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  1. #1

    Default Literature Appreciation

    I appreciate music, and the visual arts. I also enjoy a good film now and then. I like to read non-fiction.

    But I have never been that interested in fine literature or poetry.

    For literature fans (esp. NTs since I would like to see if I can appreciate it too):

    What about literature or poetry is appealing to you?

    Accept the past. Live for the present. Look forward to the future.
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    "[A] scientist looking at nonscientific problems is just as dumb as the next guy." Richard Feynman
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  2. #2
    Per Ardua Metamorphosis's Avatar
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    We already partially live in our own world of our creation. Literature just makes the transportation and details better.
    "You will always be fond of me. I represent to you all the sins you never had the courage to commit."

    Reason is, and ought only to be the slave of the passions, and can never pretend to any other office
    than to serve and obey them. - David Hume

  3. #3
    Oberon
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    Quote Originally Posted by ygolo View Post
    I appreciate music, and the visual arts. I also enjoy a good film now and then. I like to read non-fiction.

    But I have never been that interested in fine literature or poetry.

    For literature fans (esp. NTs since I would like to see if I can appreciate it too):

    What about literature or poetry is appealing to you?
    Literature performs a primary role in building the common understanding that is a culture. In this function, the word "myth" may be more accurate; be that as it may, the stories shared in common by a people provide a basis of thought that yields a certain level of common understanding. If a common language is the grammar level of culture, then a common literature is the dialectic level of culture.

    This terminology is awfully mushy for what I'm trying to say. I have the concept much more clearly than I am expressing it.

    In application, the West is what it is because of Isaiah and Plato the Metamorphoses and Beowulf and el Cid and the Song of Roland and Chaucer and Shakespeare and Balzac and Poe.

    Meta-literature (like Absurdist works) and post-modern works, both of which can be in a sense literature about literature, tend to short-circuit this cultural function by asserting that a given culture, the basis for culture, or even the idea of culture itself, is pointless, evil, or illusory.

  4. #4
    Senior Member Veneti's Avatar
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    Quote Originally Posted by ygolo View Post
    I appreciate music, and the visual arts. I also enjoy a good film now and then. I like to read non-fiction.

    But I have never been that interested in fine literature or poetry.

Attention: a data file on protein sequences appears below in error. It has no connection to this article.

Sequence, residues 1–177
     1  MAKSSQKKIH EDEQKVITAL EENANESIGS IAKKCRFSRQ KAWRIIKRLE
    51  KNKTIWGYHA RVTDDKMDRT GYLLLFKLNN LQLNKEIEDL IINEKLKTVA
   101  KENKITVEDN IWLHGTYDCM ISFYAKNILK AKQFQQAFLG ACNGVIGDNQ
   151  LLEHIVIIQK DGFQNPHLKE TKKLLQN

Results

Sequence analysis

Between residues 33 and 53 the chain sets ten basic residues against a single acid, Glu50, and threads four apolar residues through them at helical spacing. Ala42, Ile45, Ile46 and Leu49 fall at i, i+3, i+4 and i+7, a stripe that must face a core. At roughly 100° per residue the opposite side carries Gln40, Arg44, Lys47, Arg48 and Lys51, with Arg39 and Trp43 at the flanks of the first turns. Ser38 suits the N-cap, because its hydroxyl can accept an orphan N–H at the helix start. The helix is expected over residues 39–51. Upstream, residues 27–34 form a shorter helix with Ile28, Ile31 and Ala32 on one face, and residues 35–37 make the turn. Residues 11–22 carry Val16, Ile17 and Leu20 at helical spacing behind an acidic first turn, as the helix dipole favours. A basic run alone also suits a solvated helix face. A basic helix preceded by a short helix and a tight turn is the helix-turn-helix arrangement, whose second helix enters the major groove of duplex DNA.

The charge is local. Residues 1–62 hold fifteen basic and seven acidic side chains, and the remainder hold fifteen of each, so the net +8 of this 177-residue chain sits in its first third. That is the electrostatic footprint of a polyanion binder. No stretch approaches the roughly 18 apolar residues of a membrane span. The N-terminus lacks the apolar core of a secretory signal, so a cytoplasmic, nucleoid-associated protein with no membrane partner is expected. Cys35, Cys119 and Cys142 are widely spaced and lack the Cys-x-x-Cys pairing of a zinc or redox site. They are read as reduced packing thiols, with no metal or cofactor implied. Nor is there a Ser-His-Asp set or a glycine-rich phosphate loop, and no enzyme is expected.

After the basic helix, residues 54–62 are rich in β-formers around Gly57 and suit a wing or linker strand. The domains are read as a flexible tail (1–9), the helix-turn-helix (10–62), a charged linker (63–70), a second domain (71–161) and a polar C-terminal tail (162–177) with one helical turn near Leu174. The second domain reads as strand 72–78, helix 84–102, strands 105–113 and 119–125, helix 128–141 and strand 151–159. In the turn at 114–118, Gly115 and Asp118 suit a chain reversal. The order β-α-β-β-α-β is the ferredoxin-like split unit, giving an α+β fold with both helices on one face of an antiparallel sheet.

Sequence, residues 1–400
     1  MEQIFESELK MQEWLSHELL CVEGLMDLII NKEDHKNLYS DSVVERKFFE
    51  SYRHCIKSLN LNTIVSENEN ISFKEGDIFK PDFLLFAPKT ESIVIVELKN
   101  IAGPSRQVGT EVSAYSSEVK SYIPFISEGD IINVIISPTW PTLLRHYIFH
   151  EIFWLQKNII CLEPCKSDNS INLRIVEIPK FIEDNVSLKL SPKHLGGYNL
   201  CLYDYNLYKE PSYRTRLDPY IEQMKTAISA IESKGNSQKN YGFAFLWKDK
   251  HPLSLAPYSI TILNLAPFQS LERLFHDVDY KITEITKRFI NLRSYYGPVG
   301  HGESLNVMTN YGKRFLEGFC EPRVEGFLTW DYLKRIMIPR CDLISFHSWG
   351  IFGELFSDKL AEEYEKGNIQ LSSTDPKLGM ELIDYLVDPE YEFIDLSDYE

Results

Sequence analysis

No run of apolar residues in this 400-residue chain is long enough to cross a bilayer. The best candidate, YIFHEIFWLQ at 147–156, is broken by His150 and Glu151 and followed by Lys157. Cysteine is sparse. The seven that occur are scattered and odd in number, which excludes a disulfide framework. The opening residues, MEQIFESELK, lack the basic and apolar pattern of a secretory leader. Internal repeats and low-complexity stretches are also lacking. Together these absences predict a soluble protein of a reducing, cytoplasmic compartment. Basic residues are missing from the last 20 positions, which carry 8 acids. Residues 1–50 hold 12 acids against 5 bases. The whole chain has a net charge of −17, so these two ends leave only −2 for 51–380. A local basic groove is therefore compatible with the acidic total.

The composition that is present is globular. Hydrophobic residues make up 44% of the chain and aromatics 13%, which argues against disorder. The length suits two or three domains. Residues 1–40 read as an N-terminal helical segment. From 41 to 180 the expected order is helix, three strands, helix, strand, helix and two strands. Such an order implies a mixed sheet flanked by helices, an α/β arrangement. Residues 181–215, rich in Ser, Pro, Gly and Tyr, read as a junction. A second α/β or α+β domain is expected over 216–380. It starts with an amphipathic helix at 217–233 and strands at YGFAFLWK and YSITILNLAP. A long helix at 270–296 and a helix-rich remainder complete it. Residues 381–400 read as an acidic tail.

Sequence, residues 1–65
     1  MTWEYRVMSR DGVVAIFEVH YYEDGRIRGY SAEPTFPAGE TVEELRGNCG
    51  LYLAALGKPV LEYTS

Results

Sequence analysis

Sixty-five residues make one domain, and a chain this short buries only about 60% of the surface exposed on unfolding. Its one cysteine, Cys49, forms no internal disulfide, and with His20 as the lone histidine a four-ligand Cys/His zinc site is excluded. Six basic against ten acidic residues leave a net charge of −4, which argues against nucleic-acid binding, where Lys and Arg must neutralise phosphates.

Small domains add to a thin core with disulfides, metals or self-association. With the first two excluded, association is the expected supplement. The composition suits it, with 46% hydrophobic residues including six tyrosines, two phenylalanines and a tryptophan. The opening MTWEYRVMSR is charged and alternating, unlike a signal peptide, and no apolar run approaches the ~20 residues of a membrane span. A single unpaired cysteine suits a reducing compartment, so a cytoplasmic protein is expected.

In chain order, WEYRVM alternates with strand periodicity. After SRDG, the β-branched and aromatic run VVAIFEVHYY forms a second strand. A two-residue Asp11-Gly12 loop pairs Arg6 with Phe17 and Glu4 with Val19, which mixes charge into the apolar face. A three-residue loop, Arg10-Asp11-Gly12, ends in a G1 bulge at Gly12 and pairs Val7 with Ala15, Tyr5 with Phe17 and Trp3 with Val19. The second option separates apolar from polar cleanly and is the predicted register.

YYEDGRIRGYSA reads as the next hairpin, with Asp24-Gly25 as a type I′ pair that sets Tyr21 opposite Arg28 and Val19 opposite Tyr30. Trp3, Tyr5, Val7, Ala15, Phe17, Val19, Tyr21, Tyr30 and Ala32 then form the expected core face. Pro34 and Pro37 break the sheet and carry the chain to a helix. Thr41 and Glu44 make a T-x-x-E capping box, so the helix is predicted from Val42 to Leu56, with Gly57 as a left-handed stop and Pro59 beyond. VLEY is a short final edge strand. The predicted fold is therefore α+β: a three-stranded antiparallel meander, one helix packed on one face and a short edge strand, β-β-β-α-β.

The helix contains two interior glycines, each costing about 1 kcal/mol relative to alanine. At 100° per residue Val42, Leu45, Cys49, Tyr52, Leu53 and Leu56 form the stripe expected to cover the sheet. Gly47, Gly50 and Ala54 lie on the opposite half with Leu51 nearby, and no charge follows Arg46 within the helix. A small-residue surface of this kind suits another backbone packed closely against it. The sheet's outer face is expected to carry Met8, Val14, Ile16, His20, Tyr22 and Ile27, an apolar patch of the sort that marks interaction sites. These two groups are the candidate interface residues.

For literature fans (esp. NTs since I would like to see if I can appreciate it too):

    What about literature or poetry is appealing to you?
    I used to think Music etc was a "waste of space". However, I've slowly moved into thinking about "Music, images etc" and its got quite creatively interesting. I like analysing music and looking at the layers and why some song's are more catchy and so forth. As an adult I actually think Music isn't that "creative" to be honest, it can be scientifically broken down and replicated (esp if you merge it with all the other music styles etc you listen to).

    Poetry was great as a kid. But as an adult I look it more as people generally feeling sorry for themselves by being too deep. I like shallow witty poetry though...

  5. #5

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    Quote Originally Posted by oberon View Post
    Literature performs a primary role in building the common understanding that is a culture. In this function, the word "myth" may be more accurate; be that as it may, the stories shared in common by a people provide a basis of thought that yields a certain level of common understanding. If a common language is the grammar level of culture, then a common literature is the dialectic level of culture.

    This terminology is awfully mushy for what I'm trying to say. I have the concept much more clearly than I am expressing it.

    In application, the West is what it is because of Isaiah and Plato the Metamorphoses and Beowulf and el Cid and the Song of Roland and Chaucer and Shakespeare and Balzac and Poe.

    Meta-literature (like Absurdist works) and post-modern works, both of which can be in a sense literature about literature, tend to short-circuit this cultural function by asserting that a given culture, the basis for culture, or even the idea of culture itself, is pointless, evil, or illusory.
    I can see Myths and stories as being important for inculcating values. I remember listening to Gita and Bible stories as a kid. I also liked learning the Greek, Roman, and Egyptian Mythology. Last time I was interested in mythology into I have been into Zen koans, Native-American tales, and tales of Anansi the Spider (not sure why, I was fascinated by his trickery).

    For some reason, I wasn't thinking of Mythology as literature. But I suppose a lot modern literature (and even TV, pop-Novels) forms the common idioms that shape our discourse. But wouldn't we pick up those idioms through the discourse without reading a lot of literature?